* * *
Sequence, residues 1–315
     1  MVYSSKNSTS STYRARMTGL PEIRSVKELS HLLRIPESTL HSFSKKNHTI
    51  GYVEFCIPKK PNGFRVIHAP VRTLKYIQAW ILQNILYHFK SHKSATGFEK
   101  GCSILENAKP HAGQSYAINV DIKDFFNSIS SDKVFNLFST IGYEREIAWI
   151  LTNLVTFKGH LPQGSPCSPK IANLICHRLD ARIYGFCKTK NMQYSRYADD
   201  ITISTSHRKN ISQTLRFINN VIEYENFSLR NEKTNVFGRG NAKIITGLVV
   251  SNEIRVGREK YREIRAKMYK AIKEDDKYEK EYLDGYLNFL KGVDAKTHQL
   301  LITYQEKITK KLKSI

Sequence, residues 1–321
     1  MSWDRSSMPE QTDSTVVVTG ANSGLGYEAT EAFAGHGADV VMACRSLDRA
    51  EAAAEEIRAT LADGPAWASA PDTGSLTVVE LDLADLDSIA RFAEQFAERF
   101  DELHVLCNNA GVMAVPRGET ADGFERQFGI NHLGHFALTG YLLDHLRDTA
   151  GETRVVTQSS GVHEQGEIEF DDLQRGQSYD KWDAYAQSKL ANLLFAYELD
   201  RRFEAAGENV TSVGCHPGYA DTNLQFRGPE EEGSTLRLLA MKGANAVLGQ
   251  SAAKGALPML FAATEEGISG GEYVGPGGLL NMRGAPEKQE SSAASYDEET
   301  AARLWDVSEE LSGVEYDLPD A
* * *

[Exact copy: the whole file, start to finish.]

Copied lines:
Sequence, residues 1–315
     1  MVYSSKNSTS STYRARMTGL PEIRSVKELS HLLRIPESTL HSFSKKNHTI
    51  GYVEFCIPKK PNGFRVIHAP VRTLKYIQAW ILQNILYHFK SHKSATGFEK
   101  GCSILENAKP HAGQSYAINV DIKDFFNSIS SDKVFNLFST IGYEREIAWI
   151  LTNLVTFKGH LPQGSPCSPK IANLICHRLD ARIYGFCKTK NMQYSRYADD
   201  ITISTSHRKN ISQTLRFINN VIEYENFSLR NEKTNVFGRG NAKIITGLVV
   251  SNEIRVGREK YREIRAKMYK AIKEDDKYEK EYLDGYLNFL KGVDAKTHQL
   301  LITYQEKITK KLKSI

Sequence, residues 1–321
     1  MSWDRSSMPE QTDSTVVVTG ANSGLGYEAT EAFAGHGADV VMACRSLDRA
    51  EAAAEEIRAT LADGPAWASA PDTGSLTVVE LDLADLDSIA RFAEQFAERF
   101  DELHVLCNNA GVMAVPRGET ADGFERQFGI NHLGHFALTG YLLDHLRDTA
   151  GETRVVTQSS GVHEQGEIEF DDLQRGQSYD KWDAYAQSKL ANLLFAYELD
   201  RRFEAAGENV TSVGCHPGYA DTNLQFRGPE EEGSTLRLLA MKGANAVLGQ
   251  SAAKGALPML FAATEEGISG GEYVGPGGLL NMRGAPEKQE SSAASYDEET
   301  AARLWDVSEE LSGVEYDLPD A